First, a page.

With this issue Solie's welcomes a new contributor, Matt Benaka, who gives us a multi-part series on the lineage of the major wrestling promotions.
by Matt Benaka
Part 1: The World Heavyweight Title
It is no secret that the two most widely recognized World Titles are those of World Championship Wrestling (WCW) and The World Wrestling Federation (WWF). My series will attempt to analyze the two titles and evaluate who has a truer claim to The World Heavyweight Title. In order to reach this end, I will evaluate the title's lineages, the former champions, the conduct and performance of former champions, an evaluation of both titles over the last year, and my conclusion.
The first in the series will be lineage of the titles. First, there is WCW. The WCW World Heavyweight Title came into existence on 01/11/91 in East Rutherford, NJ. Ric Flair defeated Sting to win The National Wrestling Alliance (NWA) World Heavyweight Title. With the NWA no longer operating as an organization, Flair was recognized as the first WCW World Heavyweight Champion.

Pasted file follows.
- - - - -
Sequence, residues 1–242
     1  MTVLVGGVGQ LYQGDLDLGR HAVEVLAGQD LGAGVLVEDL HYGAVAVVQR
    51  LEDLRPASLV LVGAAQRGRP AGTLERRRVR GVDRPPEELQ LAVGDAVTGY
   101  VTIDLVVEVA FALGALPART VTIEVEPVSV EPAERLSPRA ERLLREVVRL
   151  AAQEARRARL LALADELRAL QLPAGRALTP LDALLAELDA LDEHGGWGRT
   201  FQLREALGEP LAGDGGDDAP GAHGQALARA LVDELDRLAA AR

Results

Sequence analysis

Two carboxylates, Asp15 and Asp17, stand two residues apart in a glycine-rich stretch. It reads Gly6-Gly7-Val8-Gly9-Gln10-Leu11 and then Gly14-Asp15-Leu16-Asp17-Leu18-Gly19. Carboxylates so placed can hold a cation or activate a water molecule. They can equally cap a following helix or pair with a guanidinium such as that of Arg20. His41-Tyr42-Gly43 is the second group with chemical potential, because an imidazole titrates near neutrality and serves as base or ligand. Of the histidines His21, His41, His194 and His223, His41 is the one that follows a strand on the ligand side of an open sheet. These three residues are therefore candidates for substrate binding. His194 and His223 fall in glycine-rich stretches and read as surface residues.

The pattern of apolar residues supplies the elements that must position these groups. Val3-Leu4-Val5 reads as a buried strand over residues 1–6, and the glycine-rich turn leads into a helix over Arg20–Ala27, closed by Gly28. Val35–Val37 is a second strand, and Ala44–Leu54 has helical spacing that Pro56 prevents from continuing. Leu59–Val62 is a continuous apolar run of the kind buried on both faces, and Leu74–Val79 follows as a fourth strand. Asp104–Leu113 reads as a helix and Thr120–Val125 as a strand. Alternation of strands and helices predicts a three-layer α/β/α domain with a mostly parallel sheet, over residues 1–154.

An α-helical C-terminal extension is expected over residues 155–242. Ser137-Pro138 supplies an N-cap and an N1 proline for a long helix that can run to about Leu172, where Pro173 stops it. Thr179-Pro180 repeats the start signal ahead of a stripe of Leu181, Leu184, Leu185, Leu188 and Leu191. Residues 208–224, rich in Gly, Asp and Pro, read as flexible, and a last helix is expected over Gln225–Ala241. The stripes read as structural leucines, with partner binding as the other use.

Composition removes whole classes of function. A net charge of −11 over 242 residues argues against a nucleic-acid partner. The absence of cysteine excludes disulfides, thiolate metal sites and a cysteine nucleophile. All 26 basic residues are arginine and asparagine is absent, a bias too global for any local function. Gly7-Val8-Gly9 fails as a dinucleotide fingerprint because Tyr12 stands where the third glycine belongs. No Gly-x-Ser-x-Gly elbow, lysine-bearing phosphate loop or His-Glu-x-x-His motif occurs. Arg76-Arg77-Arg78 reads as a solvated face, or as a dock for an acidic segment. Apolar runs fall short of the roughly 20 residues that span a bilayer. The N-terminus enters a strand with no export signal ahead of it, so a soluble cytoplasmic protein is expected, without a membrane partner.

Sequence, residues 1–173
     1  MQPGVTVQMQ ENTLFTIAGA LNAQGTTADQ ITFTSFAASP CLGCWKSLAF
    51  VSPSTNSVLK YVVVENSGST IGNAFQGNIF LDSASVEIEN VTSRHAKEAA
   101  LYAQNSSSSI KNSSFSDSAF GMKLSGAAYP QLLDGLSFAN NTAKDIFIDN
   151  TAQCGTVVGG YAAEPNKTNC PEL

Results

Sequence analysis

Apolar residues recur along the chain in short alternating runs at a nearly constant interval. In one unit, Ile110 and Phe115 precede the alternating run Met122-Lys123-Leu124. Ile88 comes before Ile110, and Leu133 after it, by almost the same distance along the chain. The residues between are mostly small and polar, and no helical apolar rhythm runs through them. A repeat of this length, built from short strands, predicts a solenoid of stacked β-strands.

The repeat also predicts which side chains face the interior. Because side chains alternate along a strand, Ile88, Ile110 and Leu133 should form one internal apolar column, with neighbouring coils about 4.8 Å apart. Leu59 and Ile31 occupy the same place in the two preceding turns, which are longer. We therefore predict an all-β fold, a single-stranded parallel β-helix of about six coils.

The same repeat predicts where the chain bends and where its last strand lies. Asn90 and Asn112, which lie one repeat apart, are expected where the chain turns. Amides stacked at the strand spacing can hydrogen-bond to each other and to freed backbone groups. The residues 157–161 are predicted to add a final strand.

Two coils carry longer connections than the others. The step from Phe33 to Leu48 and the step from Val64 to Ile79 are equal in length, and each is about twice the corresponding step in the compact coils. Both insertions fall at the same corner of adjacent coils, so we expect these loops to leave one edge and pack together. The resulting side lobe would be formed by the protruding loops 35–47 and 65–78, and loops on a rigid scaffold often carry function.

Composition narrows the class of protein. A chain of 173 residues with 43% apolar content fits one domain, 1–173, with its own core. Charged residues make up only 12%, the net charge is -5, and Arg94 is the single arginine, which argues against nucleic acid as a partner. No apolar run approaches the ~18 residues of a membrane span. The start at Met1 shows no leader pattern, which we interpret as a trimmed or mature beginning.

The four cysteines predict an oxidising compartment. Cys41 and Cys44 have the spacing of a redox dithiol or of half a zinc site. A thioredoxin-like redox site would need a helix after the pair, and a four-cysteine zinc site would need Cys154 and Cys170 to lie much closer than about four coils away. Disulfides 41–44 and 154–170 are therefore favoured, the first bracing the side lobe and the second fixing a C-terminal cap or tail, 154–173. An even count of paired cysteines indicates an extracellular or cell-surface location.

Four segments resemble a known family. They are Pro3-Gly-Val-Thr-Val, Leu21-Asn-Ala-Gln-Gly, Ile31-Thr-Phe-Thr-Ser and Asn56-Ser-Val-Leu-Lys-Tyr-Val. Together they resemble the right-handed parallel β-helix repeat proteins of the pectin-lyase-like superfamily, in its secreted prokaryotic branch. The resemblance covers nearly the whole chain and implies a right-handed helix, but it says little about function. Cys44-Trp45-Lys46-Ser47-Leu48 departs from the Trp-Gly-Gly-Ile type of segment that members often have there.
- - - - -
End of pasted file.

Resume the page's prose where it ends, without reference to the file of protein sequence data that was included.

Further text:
While six years is a brief amount of time to have existed, WCW does have deep roots. As was stated, WCW emerged from the NWA. There are several important dates to remember in NWA history. The first NWA World Heavyweight Champion was crowned during October of 1948. His name was Orville Brown, and he was the reigning Kansas City based Midwest Wrestling Association (MWA) World Heavyweight Champion. When the MWA merged with the newly formed NWA, Brown was recognized as the first NWA World Heavyweight Champion. 11/01/49 was the day that Brown's career was ended. He was in an automobile accident and was forced to forfeit his title to The National Wrestling Association (NWA) World Heavyweight Champion, Lou Thesz. The two were slated to face off on 11/25/49 in a unification match in St. Louis, MO. However, Thesz was awarded the NWA World Heavyweight Title on 11/27/49. This forced the National Wrestling Association World Heavyweight Title to become abandoned.
Let's not forget about the MWA. This was The Kansas City based version of The MWA World Title. The first MWA World Champion was crowned on 01/19/40 when Bobby Brunns defeated Orville Brown in Kansas City, KS. Unlike the NWA, the MWA had no parent organization. Its history began in 1940 and continued until the two titles were merged in 1948.